Parathyroid Adenoma

A vial with the label "Parathyroid - Test"

What is a Parathyroid Adenoma?

A parathyroid adenoma is a benign tumor involving one of the parathyroid glands. There are four parathyroid glands and these are located on the back of the thyroid gland in your neck. The function of the parathyroid glands is to produce a hormone called parathyroid hormone (PTH), which regulates the level of calcium in your blood. 

A parathyroid adenoma causes the affected gland to produce too much PTH, which results in an elevated calcium level in your blood.

What Are the Symptoms of Parathyroid Adenoma?

Usually a parathyroid adenoma does not cause any symptoms and is diagnosed when an elevated calcium level is discovered on routine blood tests. The elevated calcium is caused by the excess parathyroid hormone being produces by the adenoma, resulting in hyperparathyroidism. Elevated calcium level in your blood can result in joint and bone pain, kidney stones, abdominal pain, nausea, vomiting, constipation, muscle pain, fatigue, depression, confusion, and decreased ability to concentrate. Untreated, elevated calcium in your blood can lead to bone fractures and osteoporosis.

What Causes a Parathyroid Adenoma?

The cause of a parathyroid adenoma is commonly unknown. Some people are genetically predisposed to developing parathyroid adenomas.

How is it Diagnosed?

If you are found to have an elevated level of calcium in your blood, your doctor will order additional blood tests to check the level of PTH in your blood and may also perform additional tests to rule out other causes of elevated calcium. To determine if an adenoma is present, your doctor will order an imaging study which can be in the form of an ultrasound of the neck, sestamibi scan, MRI, or CT.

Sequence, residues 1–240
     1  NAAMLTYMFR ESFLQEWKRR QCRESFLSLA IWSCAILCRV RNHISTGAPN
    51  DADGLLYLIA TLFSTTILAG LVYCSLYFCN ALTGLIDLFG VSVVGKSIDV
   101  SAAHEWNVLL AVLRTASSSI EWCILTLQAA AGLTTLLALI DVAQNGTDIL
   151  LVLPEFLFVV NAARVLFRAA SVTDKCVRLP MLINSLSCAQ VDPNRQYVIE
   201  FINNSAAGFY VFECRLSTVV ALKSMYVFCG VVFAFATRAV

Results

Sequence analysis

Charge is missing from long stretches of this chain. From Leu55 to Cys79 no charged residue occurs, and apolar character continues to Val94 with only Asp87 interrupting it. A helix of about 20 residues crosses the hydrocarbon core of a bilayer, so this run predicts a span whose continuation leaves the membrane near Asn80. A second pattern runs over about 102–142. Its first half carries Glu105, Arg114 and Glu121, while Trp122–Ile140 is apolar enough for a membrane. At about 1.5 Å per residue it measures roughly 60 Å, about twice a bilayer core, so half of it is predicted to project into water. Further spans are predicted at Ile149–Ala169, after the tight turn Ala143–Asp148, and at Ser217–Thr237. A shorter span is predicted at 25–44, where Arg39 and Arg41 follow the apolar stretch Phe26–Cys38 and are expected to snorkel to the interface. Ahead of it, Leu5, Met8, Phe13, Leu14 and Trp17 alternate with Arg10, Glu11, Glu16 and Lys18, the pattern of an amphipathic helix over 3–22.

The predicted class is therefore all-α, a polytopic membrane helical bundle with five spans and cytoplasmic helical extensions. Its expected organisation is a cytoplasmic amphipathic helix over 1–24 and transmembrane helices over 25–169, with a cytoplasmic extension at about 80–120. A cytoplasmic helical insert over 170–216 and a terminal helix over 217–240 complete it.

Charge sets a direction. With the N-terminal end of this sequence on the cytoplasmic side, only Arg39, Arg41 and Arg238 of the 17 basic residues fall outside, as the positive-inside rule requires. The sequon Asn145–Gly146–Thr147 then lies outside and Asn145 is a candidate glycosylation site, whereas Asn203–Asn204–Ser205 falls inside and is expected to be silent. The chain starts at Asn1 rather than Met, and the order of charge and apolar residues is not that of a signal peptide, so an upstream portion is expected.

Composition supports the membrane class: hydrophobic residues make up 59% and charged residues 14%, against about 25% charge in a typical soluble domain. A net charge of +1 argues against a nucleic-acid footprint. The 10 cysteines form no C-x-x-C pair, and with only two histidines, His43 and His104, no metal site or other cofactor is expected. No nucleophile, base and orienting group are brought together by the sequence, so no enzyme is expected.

How is it Treated?

The most common treatment is surgical removal, which is called a parathyroidectomy. Surgical removal of the affected gland(s) is the only permanent, curative treatment for primary hyperparathyroidism. During this surgery, anywhere from one to all four of the glands are removed under general anesthesia. This is performed through a small incision in the neck. Your PTH level is monitored during the surgery to ensure removal of the adenoma as the PTH level decreases rapidly when the adenoma is removed.

Non-surgical treatment can be chosen for select patients without symptoms. However, long-term monitoring in the form of blood tests and bone mineral density testing is necessary.

A parathyroid adenoma causes the affected gland to produce too much PTH, which results in an elevated calcium level in your blood.

Call Rocky Top ENT & Allergy at 931-219-9990 or 865-383-0737 for more information and to schedule an appointment.